John Ross's production of Macbeth is more than a reading. He has incorporated too many of the elements of drama to call it that. In the process he has created a form of his own. What he has added by way of a spectacle is no mere backdrop; the resulting whole is a sort of dance, contrived of gestures and juxtapositions as well as words. It is totally absorbing.
No author is better suited than Shakespeare to this kind of confined performance. His characters describe the scenery. His imagery colors the world in which they move. There is so much for an actor to do with each line, that any but the best must stumble in the robes, or forget the demeanor, that a full-scale production demands. And there is so much for the audience to enjoy and consider in the words alone, that the traditional trappings are often a distraction.
But the excellence of this production lies not alone in its modesty. Ross at once exercises audacity and restraint. With a sure instinct for what will work--and for what he need not bother with--he has used the ample talents of his cast to their fullest.
The minor players seem to flourish within the constraints. The cast was dressed entirely in black, all the men in pants and turtleneck jerseys. Perhaps because of this they concentrated on verbal and facial characterizations. Confined behind their reading stands, they leaned on them, stood erect, or turned away as the situation demanded. It was nowhere so mechanical as it may sound. Within this small vocabulary of movements, none was ever out of key.
Ross works on the same principle in positioning his characters on the stage. I would call the blocking symbolic if it weren't so unobtrusively complementary to the play. And within the limits of seven or eight reading stands, the actors do work subtle variations.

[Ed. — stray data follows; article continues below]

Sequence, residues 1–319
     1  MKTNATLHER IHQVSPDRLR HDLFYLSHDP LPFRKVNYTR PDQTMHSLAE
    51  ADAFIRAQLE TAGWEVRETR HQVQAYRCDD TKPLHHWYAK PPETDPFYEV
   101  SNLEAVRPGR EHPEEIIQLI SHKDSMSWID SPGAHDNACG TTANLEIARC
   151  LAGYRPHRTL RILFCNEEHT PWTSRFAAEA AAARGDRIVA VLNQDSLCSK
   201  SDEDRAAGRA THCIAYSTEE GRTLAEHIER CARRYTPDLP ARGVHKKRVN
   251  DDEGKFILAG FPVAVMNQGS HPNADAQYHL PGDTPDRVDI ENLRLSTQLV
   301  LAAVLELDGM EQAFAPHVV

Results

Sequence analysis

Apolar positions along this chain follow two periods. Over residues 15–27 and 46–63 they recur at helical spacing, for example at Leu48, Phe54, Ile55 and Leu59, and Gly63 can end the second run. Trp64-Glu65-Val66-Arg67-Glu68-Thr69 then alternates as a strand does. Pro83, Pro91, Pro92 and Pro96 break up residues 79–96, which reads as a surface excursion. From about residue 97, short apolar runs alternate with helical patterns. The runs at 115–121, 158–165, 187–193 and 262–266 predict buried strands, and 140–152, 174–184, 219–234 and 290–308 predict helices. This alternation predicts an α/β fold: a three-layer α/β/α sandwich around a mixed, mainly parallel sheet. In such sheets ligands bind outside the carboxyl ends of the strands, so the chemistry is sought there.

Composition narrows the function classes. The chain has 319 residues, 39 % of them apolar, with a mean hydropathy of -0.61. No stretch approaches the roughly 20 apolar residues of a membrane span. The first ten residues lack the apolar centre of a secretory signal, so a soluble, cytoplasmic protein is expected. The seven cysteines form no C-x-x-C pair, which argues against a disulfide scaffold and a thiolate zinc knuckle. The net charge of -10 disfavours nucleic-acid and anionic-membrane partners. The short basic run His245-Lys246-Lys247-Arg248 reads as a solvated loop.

When Banquo (Richard Blau) and Macbeth (John Lithgow) first appear, for instance, they stand so close together as to be actually touching. After the salutation of the weird sisters Banquo always stands across the stage from Macbeth. That last is simple enough. It was their extreme closeness at first that was so good, both because they had just returned from fighting side by side in a battle, and because when they do draw apart at the witches' greeting it as if the better and the evil part of one-man were differentiating themselves.
The acting of the leads is uniformly superb. But even here, I think it was this particular form of production that focused their various excellences. Laura Esterman, who played Lady Macbeth, used her rich voice to the full, and to telling effect.
Carl Nagin too, who played Macduff, has a good voice and a fine sense of timing. The form employed them well. Blau's Banquo has an air about him that suggests great insight and great sorrow.
Only Lithgow seems to be straining at the restrictions. His fits, his rage, his fear, his humor, demanded a bigger stage. It may be, too, that Lithgow hasn't worked out his interpretation of the part completely. Before the murder of Duncan he is too fearful; his ambition is not quite convincing. After that he alternates between a derisive irony and an unhinged fury that don't seem completely related.
But like everyone else in the cast he makes of his character a human being. And if that human being is perplexing, perhaps the production is better for it.
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